Biguanide-based pool chemical systems, such as Baquacil and Soft Swim, may be great at first, but they can become cumbersome and expensive the longer you use them. I personally don’t recommend using them unless you or someone in your family has issues with other types of pool sanitizers – this may be your only choice.
However, if you currently use a biguanide-based sanitizer, and feel the need to switch back to using chlorine, we have the step by step solution.
[NOTE: The best time to do this conversion is in the spring when you open up your pool.]
1. Stop adding Biguanide-based chemicals
When you’re getting ready to do the conversion, stop adding any more biguaride-based chemicals and let the levels drop to 0. If you are worried about the water growing algae, you can add a non-biguanide based algaecide while brushing the walls, and keeping the pool as clean as possible until the levels have dropped.
2. Clean your filter
Biguanide chemicals can build up inside your filter system. If you have a sand filter, I recommend changing out the sand completely.
If you have a cartridge filter, either replace the cartridge with a new one, or clean it using the chemical rinse or the chemical soak methods you can watch on our hot tub filter cleaning video (works for pool filters too).
For D.E. filters, make sure you clean out the tank, remove all the D.E. powdered, and soak your grids or fingers in a filter cleaning solution.
3. Adjust the pH
Before you add any chemicals to your pool, you’ll need to adjust your pH to 7.4 – 7.6. Use pH increaser to do this. If both your pH and alkalinity are low, you can just add alkalinity to see if you can increase both levels. Make sure you just a reliable test kit or test strips, or bring you water sample into your local pool dealer.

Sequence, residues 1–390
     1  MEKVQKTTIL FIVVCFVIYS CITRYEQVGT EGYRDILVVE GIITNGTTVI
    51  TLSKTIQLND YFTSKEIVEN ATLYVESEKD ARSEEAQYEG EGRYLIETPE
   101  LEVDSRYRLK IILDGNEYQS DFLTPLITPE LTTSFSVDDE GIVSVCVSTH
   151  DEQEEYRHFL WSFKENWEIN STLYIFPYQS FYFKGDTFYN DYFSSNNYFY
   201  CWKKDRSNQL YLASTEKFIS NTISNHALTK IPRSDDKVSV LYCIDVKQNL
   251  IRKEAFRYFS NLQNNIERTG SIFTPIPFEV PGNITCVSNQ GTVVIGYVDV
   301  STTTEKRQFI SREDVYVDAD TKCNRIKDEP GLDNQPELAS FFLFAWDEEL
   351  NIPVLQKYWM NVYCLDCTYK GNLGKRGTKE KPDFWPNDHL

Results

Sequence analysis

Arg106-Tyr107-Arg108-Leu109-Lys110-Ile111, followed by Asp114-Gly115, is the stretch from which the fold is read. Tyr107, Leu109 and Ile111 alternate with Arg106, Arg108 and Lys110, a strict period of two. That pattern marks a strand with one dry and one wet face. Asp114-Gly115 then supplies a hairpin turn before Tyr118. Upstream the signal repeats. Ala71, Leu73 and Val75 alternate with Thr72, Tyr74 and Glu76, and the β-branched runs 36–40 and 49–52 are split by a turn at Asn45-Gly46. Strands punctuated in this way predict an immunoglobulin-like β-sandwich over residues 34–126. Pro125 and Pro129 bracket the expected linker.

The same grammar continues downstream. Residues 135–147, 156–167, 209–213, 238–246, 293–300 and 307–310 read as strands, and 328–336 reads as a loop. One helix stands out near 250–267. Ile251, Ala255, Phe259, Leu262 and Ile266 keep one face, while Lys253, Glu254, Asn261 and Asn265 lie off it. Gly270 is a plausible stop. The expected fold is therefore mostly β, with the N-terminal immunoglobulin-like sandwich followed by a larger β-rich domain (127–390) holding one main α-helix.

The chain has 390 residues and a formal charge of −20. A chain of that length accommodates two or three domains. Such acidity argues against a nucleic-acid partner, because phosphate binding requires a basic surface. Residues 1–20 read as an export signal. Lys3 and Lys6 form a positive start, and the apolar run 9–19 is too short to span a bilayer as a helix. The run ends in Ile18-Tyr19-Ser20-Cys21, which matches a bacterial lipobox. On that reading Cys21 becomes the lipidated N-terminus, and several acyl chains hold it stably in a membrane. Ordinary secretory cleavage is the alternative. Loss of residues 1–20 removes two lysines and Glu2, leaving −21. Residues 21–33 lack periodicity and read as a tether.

4. Add Non-chlorine shock
You’ll want to purchase non-chlorine shock for this. DO NOT use any other type of shock during this method. Add 4 pounds of non-chlorine shock per 10,000 gallons of water. That means, if your pool holds 20,000 gallons, you’ll be adding 8 pounds and so on. Filter continuously for 48 hours.
[NOTE: water may become clear green.]
5. Re-adjust pH
After 48 hours, check your pH levels and adjust them back to the proper levels if need be (7.4 – 7.6).
6. Add Chlorine
Now we are going to slowly introduce chlorine into your water. Start by adding one 3” chlorine tablet into your skimmer or chlorinator until it completely dissolves. If everything seems OK with the water, add two chlorine tablets and let them completely dissolve as well. Continue to increase the tablet count until you are able to achieve a chlorine reading of 1 ppm (part per million).
Once you’ve gotten a chlorine reading, you can now continue on a chlorine maintenance schedule. It’s best to also re-balance the water if need be.
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